Zsuzsanna Nagy is a Senior Lecturer and the lead of the Neurodegeneration and Repair team.
Zsuzsanna has published over 50 research papers in scientific journals as well as reviews and book chapters in the fields of Alzheimer’s disease and related neurodegenerative diseases. Her grant income is partly from charitable organisations partly from industry.
She is an enthusiastic communicator on different topics relating to dementia and gives frequent talks to various groups at both the local and national level.
Zsuzsanna Nagy qualified as an MD from the Medical School in Tirgu Mures Romania in 1989. She started research as student research assistant in her third year of medical studies. The main topic of her interest was the development of the central nervous system, with special interest in the teratogenic effect of some hypnotic drugs. Following the completion of her internship in 1991 she has returned to research as a visiting scientist in the Human Anatomy Department of Oxford University. The following year marked a pivotal change in her research career – from CNS development she went on to study neurodegeneration. She has joined the Oxford Project to Investigate Memory and Ageing (OPTIMA) in 1992 and completed her DPhil under the supervision of Professors Margaret Esiri and David Smith on Alzheimer’s disease in 1995. Since then she is working on the pathogenic mechanisms of Alzheimer’s disease, novel biomarker development and early stage drug discovery for disease-modifying drugs. In 2004 she has moved to Birmingham University Medical School.
Her work on the involvement of the cell cycle in neurodegenerative diseases was groundbreaking and started a new chapter in the history of neurodegeneration research.
She has several patents covering novel biomarkers and therapeutic interventions for Alzheimer’s disease.
BMedSci, PA, BASHD, MBChB
MSc in Psychiatry
Zsuzsanna is interested in supervising doctoral research students in the following area:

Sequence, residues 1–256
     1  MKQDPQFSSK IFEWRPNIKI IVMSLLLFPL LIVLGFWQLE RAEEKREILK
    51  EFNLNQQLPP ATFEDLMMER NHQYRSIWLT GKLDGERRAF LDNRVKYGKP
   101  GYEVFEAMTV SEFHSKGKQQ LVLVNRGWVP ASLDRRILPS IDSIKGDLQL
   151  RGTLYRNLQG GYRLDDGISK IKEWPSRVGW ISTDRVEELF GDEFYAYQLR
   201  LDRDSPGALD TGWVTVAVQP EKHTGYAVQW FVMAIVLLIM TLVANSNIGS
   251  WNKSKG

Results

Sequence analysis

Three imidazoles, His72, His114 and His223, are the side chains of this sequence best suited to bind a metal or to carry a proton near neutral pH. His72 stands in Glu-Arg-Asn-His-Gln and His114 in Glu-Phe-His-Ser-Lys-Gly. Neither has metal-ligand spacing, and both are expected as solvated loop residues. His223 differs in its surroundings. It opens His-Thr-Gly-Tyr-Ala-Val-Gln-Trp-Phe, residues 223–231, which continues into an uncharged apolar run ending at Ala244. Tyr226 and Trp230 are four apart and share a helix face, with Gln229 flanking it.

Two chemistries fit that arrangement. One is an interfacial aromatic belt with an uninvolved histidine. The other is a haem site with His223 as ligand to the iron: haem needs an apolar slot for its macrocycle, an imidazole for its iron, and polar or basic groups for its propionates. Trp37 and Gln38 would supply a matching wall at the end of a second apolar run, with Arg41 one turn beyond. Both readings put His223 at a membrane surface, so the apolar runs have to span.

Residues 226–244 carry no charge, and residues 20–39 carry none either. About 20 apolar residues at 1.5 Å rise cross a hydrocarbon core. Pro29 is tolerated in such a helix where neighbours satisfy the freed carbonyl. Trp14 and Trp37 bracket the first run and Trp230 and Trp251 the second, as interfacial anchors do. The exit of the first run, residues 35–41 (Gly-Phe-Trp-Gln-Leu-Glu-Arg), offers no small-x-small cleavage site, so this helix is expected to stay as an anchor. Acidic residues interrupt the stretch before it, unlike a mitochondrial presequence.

The role of cell cycle related molecules in the pathogenesis of Alzheimer’s disease and related disorders.
If you are interesting in studying any of these subject areas please contact Zsuzsanna on the contact details above.
For a full list of available Doctoral Research opportunities, please visit our Doctoral Research programme listings.
Neurodegeneration, preclinical drug screening, biomarkers and risk factors for neurodegenerative diseases
The role of cell cycle activation in neurodegenerative diseases
The main emphasis of her work over the last 15 years has been on the role of cell cycle reactivation in the pathogenesis of Alzheimer’s disease (AD) and related disorders. This work ranged from the examination of cell cycle related gene expression in neurones of AD patients and controls to functional analysis of mutations of cell cycle regulatory genes associated with Alzheimer’s disease. She was the first to put forward the unified hypothesis for the role of cell cycle related phenomena in neurodegenerative disorders in 1998 and carried on further refining aspects of this working hypothesis.
Her studies on cell cycle related pathways and genes associated with AD led to the development of a functional blood based biomarker for Alzheimer’s disease and the identification of novel genetic risk factors.
The identification of the cell cycle as a primary target for therapy was quickly followed by identification and preclinical screening of potentially disease-modifying drugs.
Zs. Nagy. The dysregulation of the cell cycle and the diagnosis of Alzheimer’s disease. BBA- Molecular Basis of Disease. 2007, 1772, 4, 402-408.
PS Hubbard, MM Esiri, M Reading, R McShane, Z Nagy. Alpha-Synuclein Pathology in the Olfactory Pathways of Dementia Patients. J. Anatomy 2007, 211, 1, 117-124.
MF Elias, MA Robbins, MM Budge, PK Elias, SL Brennan, C Johnston, Zs Nagy. Homocysteine and cognitive performance: Modification by the ApoE genotype. Neuroscience Letters 2008, 430, 1, 64-69.
C Ghilardi, G Chiorino, R Dossi, Z Nagy, R Giavazzi, MR Bani. Identification of novel vascular markers through gene expression profiling of tumor-derived endothelium. Genome Biology 2008, 9, 201.
GA Dore, MF Elias, MA Robbins, PK Elias, Z Nagy. Presence of the ApoE-ε4 allele modifies the relation between Type 2 diabetes and cognitive performance: The Maine-Syracuse Study. 2009 Diabetologia, 52(12):2551-60.